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Chapter XXXII.—Of the expedition of Valens against the Goths and how he paid the penalty of his impiety.

Valens, however, spurned these excellent counsellors, and sent out his troops to join battle while he himself sat waiting in a hamlet for the victory. His troops could not stand against the barbarians’ charge, turned tail and were slain one after another as they fled, the Romans fleeing at full speed and the barbarians chasing them with all their might. When Valens heard of the defeat he strove to conceal himself in the village where he lay, but when the barbarians came up they set the place on fire and together with it burnt the enemy of piety. 131Thus in this present life Valens paid the penalty of his errors.807807    “On the 9th August, 378, a day long and fatally memorable in the annals of the empire, the legions of Valens moved forth from their entrenched camp under the walls of Hadrianople, and after a march of eight miles under the hot sun of August came in sight of the barbarian vanguard, behind which stretched the circling line of the waggons that guarded the Gothic host. The soldiers of the empire, hot, thirsty, wearied out with hours of waiting under the blaze of an August sun, and only half understanding that the negotiations were ended and the battle begun, fought at a terrible disadvantage but fought not ill. The infantry on the left wing seem even to have pushed back their enemies and penetrated to the Gothic waggons. But they were for some reason not covered as usual by a force of cavalry and they were jammed into a too narrow space of ground where they could not use their spears with effect, yet presented a terribly easy mark to the Gothic arrows. They fell in dense masses as they had stood. Then the whole weight of the enemy’s attack was directed against the centre and right. When the evening began to close in, the utterly routed Roman soldiers were rushing in disorderly flight from the fatal field. The night, dark and moonless, may have protected some, but more met their death rushing blindly over a rugged and unknown country.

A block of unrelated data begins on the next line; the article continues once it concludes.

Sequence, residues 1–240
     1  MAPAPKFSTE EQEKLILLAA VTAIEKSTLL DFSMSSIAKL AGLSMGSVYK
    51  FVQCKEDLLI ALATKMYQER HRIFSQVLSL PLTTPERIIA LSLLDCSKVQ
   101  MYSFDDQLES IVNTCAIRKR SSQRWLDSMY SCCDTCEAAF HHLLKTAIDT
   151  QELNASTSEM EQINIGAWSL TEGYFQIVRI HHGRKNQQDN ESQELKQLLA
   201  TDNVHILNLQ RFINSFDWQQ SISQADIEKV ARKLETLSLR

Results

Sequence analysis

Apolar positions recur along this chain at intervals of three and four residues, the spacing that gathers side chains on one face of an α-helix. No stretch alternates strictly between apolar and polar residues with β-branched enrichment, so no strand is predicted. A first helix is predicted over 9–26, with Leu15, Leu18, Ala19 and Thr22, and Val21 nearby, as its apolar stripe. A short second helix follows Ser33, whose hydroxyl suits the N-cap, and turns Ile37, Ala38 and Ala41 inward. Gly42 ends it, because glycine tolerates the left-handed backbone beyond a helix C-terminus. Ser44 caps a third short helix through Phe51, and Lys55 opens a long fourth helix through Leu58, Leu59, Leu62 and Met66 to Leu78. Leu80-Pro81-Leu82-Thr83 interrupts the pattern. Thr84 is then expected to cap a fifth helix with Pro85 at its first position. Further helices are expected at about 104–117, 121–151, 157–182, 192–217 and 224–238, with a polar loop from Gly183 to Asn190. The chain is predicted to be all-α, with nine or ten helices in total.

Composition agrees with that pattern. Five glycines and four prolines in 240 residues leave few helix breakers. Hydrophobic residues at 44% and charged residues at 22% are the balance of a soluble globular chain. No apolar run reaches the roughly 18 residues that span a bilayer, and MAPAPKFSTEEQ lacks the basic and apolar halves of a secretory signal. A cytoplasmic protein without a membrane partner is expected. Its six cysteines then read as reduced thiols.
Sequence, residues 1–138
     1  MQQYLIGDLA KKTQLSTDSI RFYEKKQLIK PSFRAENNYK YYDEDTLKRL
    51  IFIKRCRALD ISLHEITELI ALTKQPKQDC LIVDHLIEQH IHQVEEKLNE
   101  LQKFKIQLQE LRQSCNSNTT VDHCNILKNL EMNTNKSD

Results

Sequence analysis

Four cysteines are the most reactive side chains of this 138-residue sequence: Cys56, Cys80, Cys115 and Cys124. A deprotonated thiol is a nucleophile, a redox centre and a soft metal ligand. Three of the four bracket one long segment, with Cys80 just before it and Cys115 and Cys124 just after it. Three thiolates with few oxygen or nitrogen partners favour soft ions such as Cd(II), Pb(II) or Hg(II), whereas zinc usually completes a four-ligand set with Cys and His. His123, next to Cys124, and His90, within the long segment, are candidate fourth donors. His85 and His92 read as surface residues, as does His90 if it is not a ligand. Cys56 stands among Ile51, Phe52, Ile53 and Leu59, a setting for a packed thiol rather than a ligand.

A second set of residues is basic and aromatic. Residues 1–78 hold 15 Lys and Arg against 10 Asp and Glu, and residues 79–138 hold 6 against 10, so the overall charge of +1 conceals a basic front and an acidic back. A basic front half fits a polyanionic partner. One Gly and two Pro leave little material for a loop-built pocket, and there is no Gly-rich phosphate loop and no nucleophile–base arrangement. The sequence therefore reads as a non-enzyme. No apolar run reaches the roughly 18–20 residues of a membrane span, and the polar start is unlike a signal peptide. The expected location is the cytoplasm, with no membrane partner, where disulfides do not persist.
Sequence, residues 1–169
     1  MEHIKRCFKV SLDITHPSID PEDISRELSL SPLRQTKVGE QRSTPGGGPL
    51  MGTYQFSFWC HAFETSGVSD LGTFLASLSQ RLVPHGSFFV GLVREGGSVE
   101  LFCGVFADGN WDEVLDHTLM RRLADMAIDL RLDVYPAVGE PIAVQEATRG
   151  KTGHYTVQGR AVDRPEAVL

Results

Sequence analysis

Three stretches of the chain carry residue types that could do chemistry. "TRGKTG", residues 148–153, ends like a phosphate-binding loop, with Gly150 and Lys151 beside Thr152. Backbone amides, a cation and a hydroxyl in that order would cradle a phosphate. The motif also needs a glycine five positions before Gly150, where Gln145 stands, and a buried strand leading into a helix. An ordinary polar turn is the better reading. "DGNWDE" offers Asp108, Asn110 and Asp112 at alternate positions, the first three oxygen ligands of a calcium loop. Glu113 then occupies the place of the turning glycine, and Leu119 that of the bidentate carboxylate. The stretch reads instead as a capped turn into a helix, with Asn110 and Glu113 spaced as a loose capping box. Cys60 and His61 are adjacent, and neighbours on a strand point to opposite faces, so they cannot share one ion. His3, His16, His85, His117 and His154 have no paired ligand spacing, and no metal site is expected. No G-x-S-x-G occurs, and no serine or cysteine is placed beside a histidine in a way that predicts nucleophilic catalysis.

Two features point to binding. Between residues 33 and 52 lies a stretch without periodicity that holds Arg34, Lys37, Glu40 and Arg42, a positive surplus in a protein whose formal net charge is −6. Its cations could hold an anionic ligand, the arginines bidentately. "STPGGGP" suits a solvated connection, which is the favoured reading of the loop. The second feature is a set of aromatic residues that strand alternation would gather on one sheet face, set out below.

“Meanwhile Valens had sought shelter with a little knot of soldiers (the two regiments of “Lancearii and Mattiarii”), who still remained unmoved amidst the surging sea of ruin. When their ranks too were broken, and when some of his bravest officers had fallen around him, he joined the common soldiers in their headlong flight. Struck by a Gothic arrow he fell to the ground, but was carried off by some of the eunuchs and life-guardsmen who still accompanied him, to a peasant’s cottage hard by. The Goths, ignorant of his rank, but eager to strip the gaily-clothed guardsmen, surrounded the cottage and attempted in vain to burst in the doors. Then mounting to the roof they tried to smoke out the imprisoned inmates, but succeeding beyond their desires, set fire to the cottage, and emperor, eunuchs, and life-guardsmen perished in the flames. Only one of the body-guard escaped, who climbed out through one of the blazing windows and fell into the hands of the barbarians. He told them when it was too late what a prize they had missed in their cruel eagerness, nothing less than the emperor of Rome.

   Ecclesiastical historians for generations delighted to point the moral of the story of Valens, that he who had seduced the whole Gothic nation into the heresy of Arius, and thus caused them to suffer the punishment of everlasting fire, was himself by those very Goths burned alive on the terrible 9th of August. Thomas Hodgkin—“The Dynasty of Theodosius,” page 97.


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